Receptacles, Cord Connectors, and Attachment Plugs – Article 406
Recreational Vehicles and Recreational Vehicle Parks – Article 551, GFCI 551.40(C), 551.41(C)
Rigid Metal Conduit (RMC) – Article 344, table 300.5(A)
Services – Articles 230, 338, 250.28, 250.24(E), 250.66, table 300.5(A)
Solar Photovoltaic Systems – Article 690
Sub-Panels – Article 408
Surge Protectors – Overvoltage Protection Devices – Articles 242, 230.67
Swimming Pools – Article 680. Bonding 680.26, lighting Article 411.6(B)
Switches – Article 404. Smart switches and electronic dimmers – Article 404.14(F)
Telephone – Articles 800, 805
Temporary Installations – Article 590
Type AC Metal Armored Cable (BX) – Article 320
Type MC Metal Clad Cable – Article 330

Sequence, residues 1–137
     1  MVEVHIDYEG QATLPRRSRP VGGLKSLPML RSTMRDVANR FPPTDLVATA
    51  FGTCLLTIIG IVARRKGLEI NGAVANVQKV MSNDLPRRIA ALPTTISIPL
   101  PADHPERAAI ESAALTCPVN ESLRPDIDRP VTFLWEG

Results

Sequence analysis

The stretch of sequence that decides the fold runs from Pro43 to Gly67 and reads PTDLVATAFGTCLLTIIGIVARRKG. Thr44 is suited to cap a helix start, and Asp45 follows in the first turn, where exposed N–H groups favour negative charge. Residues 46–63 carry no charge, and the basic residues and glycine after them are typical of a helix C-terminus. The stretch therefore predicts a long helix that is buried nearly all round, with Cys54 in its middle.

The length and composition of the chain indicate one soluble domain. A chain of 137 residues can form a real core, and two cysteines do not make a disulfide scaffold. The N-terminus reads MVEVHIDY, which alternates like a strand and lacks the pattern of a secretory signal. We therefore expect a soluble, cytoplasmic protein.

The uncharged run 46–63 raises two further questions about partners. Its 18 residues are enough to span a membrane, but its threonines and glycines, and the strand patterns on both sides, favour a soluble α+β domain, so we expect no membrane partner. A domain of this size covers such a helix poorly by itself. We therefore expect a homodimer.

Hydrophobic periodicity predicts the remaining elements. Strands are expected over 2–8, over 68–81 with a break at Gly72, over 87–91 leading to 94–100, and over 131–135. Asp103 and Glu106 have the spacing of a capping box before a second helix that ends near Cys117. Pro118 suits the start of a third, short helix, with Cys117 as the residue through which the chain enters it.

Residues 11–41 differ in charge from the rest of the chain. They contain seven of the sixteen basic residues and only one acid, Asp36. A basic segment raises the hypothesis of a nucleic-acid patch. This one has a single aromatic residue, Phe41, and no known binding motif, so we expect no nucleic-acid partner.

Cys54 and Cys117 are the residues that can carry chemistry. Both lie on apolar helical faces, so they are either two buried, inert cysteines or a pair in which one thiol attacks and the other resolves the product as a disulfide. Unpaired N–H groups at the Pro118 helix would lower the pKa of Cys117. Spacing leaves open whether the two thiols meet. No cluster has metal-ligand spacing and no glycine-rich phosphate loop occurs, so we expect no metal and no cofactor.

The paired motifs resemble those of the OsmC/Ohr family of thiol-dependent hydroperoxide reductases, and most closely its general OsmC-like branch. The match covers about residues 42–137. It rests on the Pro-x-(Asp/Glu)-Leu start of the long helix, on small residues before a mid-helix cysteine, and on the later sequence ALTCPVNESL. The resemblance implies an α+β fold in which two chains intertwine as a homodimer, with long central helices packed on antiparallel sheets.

Type NM-B Nonmetallic Sheathed Cable (Romex) – Article 334
Type UF Underground Feeder Cable – Article 340, table 300.5(A)
Wire – Article 310 and table 310.16
Wiring Methods – Chapter 3, article 300 – This is a good chapter for installation methods.
Wiremold – Metal Wireways – Article 376 and article 386 Surface Metal Raceways
Wiremold – Nonmetallic Wireways – Article 378 and article 388 Surface Nonmetallic Raceways
FREE NATIONAL ELECTRICAL CODE LINK
The NFPA has a free National Electrical Code (NFPA 70) online version of the current edition and older editions. You can access it by clicking here and then creating a free account. When you get to the page, scroll down a little and click the “Free Access” button. No credit card is required, only an email address.
Electricity can start house fires. Electricity can kill or maim. It is important that when doing electrical work, safety is a major concern. Incorrectly installed wiring is an accident waiting to happen.
Click this link to see many types of wiring methods when working around the home.